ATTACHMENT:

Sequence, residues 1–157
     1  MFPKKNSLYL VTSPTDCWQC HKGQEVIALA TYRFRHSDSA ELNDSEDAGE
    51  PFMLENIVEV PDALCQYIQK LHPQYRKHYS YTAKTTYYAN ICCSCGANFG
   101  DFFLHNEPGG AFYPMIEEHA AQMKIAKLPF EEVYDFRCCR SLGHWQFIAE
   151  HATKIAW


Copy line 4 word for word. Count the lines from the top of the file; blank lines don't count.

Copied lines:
   101  DFFLHNEPGG AFYPMIEEHA AQMKIAKLPF EEVYDFRCCR SLGHWQFIAE